Australia's Super Rugby players will take 30 per cent pay cuts until September 30 after a new deal was agreed to just two days out from Super Rugby AU.
Players from the Brumbies, Rebels, Waratahs and Reds and Rugby Australia agreed to the updated conditions late Wednesday after just over a week of negotiations.
Under the existing deal, players were on an average of 60 per cent cuts weighted towards the highest-paid players but this new agreement will be applied as a uniform reduction across the board.
A deal was all but finalised on Tuesday with the final sign-off from all parties received on Wednesday.
There were reports last week that frustrated players were threatening potential strike action and though that appeared extremely unlikely, Wednesday's news will come as somewhat of a relief for Australian rugby as it turns its focus to on-field action.
This new reduction is in line with the pay cuts that Rugby Australia's executive are currently on and that of Wallabies coach Dave Rennie when he begins his tenure.
The 30 per cent reduction also applies to match payments and bonuses.
The players' original deal, struck in April, was set to run until September 30 but with the Super Rugby AU competition confirmed, that agreement was renegotiated.
Another agreement will be negotiated when plans for the Wallabies 2020 season are clearer, something that is still under a cloud amid international travel restrictions.
Rugby Australia CEO Rob Clarke praised the playing group for their "cooperation" in the negotiations.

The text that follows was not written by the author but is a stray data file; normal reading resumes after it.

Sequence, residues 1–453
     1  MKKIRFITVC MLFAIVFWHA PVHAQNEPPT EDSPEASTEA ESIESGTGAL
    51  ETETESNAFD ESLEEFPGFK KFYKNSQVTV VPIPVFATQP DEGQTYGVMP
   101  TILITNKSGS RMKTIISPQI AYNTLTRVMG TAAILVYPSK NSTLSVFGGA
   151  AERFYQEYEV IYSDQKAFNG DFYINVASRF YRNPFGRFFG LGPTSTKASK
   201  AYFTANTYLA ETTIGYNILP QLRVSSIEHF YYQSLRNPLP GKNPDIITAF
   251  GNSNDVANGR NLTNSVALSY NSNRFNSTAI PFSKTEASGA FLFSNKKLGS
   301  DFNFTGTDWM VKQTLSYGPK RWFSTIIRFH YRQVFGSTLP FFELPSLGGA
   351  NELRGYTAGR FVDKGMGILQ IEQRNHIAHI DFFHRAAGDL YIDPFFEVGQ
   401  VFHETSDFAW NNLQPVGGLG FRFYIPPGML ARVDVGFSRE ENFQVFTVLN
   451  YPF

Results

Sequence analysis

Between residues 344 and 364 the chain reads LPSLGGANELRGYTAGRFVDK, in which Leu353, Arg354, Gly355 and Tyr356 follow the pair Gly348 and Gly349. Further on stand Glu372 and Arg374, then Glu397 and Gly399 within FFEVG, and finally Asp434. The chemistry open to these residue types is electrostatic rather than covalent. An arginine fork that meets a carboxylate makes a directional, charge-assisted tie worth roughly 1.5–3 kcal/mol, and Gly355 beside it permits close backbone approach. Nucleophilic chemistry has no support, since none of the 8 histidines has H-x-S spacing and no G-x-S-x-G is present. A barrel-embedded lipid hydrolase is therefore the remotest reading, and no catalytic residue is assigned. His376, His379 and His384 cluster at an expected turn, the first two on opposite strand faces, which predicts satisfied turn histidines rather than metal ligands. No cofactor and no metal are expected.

“Australians all around the country are currently facing an incredibly difficult economic environment and rugby is certainly no different," he said.
“The professional players have acknowledged the important role they play in ensuring the future health of rugby in Australia and I thank them for their cooperation throughout this negotiation, to ensure the competition starts this coming Friday night.
“Vodafone Super Rugby AU is just days away from kick off and now is the time to celebrate the fantastic athletes we have here in this country. The competition will be fast and free-flowing and I know how keen the players are to put on a show.
“We’ve already seen the return of the grassroots game in the Northern Territory and South Australia over the last weekend and we’re working very hard to ensure the community game returns in every State and Territory in the coming weeks and look forward to supporting the Member Unions in facilitating that."
Australia's Sevens players remain on the original deal and what their future looks like is still yet to be confirmed after the remainder of the World Series season was cancelled on Tuesday.
The Force are not covered by this deal as they are funded privately, by mining magnate Andrew Forrest.